Another set of parameters can be dynamically generated. These parameters can comprise, but are not limited to: the interface IP address [523.4] that is generated by taking the first available IP subnet prefix retrieved in 176 from the subnets repository [670] and adding it to the CPE Template IP address offset [423.5]. The IP address offset [423.5] can be a feature of the example remote device automation engine which can perform even IP numbering across all the endpoints. For instance, for two CPE nodes and two given IP subnet prefixes such as 10.255.1.8/29 and 10.255.1.16/29, if the IP address offset is set to SubnetID+2, the first CPE node interface will get 10.255.1.10/29 as the calculated IP address (8+2=10) and the second CPE node interface will get 10.255.1.18/29 as the calculated IP address (16+2=18). As another example, for two other CPE nodes and two given IP subnet prefixes such as 10.244.3.128/29 and 10.244.3.136/29. if the IP address offset is set to Broadcast ID-1, the first CPE node interface will get 10.244.3.134/29 as the calculated IP address (135−1=134) and the second CPE node interface will get 10.244.3.142/29 as the calculated IP address (143−1=142). The number of interfaces generated can be counted and the CPE General Settings table [510] updated accordingly in 154. Within the subnets repository [670], any successful assignment of IP address to an interface can lead to the interface type [674.1], interface ID [674.2] and sub interface ID [674.3] to be saved in 158 to allow tracking of the assignment.

In FIG. 25, when the user

Figure US09319300-20160419-P00001
triggers the creation of a new CPE in 095, a set of parameters can be derived in 181 from the CPE template interfaces table [420] to the CPE node DHCP settings table [530]. These parameters can comprise, but are not limited to: the LAN interface ID [521], the DHCP server enabled flag [524.1] that defines if the local DHCP server is enabled in the CPE node, the DHCP pool start [524.2] value that defines the first value for the last octet of the DHCP pool if the local DHCP server is enabled, the DHCP pool start [524.3] value that defines the last value for the last octet of the DHCP pool if the local DHCP server is enabled, the DHCP option 006 [524.4] value that defines the DNS servers when the local DHCP server is enabled, the DHCP option 150 [524.5] value that defines the TFTP servers when the local DHCP server is enabled, or the IP UDP helper [525] value that defines the IP UDP helper IP addresses that forward the UDP packets if the local DHCP server is disabled, or any combination thereof. A CPE ID [501] can also be included.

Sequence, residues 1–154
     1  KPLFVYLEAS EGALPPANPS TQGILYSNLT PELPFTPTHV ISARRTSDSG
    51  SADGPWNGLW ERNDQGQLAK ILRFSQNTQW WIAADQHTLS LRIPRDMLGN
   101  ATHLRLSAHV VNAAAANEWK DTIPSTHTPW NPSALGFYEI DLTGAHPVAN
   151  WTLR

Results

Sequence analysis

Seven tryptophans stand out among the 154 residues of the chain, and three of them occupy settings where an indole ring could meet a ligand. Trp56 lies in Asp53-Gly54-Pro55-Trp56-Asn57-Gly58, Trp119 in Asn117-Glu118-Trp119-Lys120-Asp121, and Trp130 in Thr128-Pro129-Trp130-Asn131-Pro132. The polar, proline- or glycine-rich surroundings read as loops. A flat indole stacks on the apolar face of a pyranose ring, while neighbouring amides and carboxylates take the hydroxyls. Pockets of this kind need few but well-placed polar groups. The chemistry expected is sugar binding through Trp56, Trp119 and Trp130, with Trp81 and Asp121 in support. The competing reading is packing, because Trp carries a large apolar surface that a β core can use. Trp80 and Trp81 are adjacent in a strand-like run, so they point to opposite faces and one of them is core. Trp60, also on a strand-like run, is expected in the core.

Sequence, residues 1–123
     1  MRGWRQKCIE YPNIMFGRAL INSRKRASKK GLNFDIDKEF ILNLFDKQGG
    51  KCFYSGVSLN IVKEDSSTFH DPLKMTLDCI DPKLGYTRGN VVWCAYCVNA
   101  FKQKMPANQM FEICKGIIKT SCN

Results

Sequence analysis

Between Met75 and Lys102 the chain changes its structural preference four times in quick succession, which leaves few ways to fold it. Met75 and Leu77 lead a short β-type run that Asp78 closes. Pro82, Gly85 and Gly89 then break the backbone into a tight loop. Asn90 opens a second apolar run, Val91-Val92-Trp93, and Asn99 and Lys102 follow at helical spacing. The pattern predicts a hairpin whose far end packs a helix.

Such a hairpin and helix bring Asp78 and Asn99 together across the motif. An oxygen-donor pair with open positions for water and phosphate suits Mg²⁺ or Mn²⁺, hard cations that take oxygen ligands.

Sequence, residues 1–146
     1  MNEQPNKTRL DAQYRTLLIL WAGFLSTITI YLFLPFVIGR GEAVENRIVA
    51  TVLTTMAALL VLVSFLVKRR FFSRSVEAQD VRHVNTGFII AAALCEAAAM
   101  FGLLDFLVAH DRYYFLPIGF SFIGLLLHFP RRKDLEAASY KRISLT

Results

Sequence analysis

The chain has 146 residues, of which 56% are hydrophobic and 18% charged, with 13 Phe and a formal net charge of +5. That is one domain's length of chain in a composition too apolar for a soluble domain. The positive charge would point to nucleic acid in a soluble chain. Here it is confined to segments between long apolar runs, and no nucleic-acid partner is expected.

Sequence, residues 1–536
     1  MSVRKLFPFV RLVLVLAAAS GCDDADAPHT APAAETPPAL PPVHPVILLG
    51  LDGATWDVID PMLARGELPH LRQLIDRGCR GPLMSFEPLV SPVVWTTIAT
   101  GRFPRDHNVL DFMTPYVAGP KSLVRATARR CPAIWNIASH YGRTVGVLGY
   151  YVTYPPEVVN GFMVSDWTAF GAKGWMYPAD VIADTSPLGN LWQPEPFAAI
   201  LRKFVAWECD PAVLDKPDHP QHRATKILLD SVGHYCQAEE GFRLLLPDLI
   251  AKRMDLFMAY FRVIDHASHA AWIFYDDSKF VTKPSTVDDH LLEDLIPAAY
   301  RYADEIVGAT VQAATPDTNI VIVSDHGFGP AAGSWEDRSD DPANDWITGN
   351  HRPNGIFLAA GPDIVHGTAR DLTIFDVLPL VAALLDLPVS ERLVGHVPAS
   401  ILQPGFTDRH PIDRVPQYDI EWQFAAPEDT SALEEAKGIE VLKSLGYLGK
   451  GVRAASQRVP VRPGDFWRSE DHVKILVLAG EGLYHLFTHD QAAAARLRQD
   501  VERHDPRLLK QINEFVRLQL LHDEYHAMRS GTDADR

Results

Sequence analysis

Also in FIG. 25, when the user

Figure US09319300-20160419-P00001
triggers the creation of a new CPE in (095), a set of parameters can be derived in (182) from the CPE Template Wireless Bridges table [470] to the CPE Wireless Bridges table [570]. These parameters can comprise, but are not limited to: the wireless bridge ID [571], the wireless interface enabled [572] flag when a LAN interface is bridged to a wireless interface, the wireless interface type [573.1] and corresponding wired interface type [574.1], the wireless interface ID [573.2] and corresponding wired interface ID [574.2], the wireless sub interface ID [573.3] and corresponding wired sub interface ID [574.3], the wireless security mode [575.1] that defines the wireless security mode, the wireless security. credentials [575.2] that defines the corresponding security credentials for the given security scheme [575.1], the wireless SSID [575.3], or the SSID broadcast enabled [575.4] flag that defines whether the SSID is broadcast and visible, or any combination thereof. A CPE ID [501] can also be included.

Referring again to FIG. 25, when the user

Figure US09319300-20160419-P00001
triggers the creation of a new CPE in (095), a set of parameters can be derived in (183) from the CPE. Template switch settings table to the CPE node switch settings table [580]. These parameters can comprise, but are not limited to: the net ID mapping [581] which defines the VLAN ID to which the switch port is assigned to, the module ID [582.1], the card slot ID [582.2], the interface type [582.3], the interface ID [582.4], all last four values defining the physical location of a switch port on the CPE node, or the port settings [582.5] that defines the physical settings of the switch port (speed, duplex, MDI-x], or any combination thereof. A CPE ID [501] can also be included.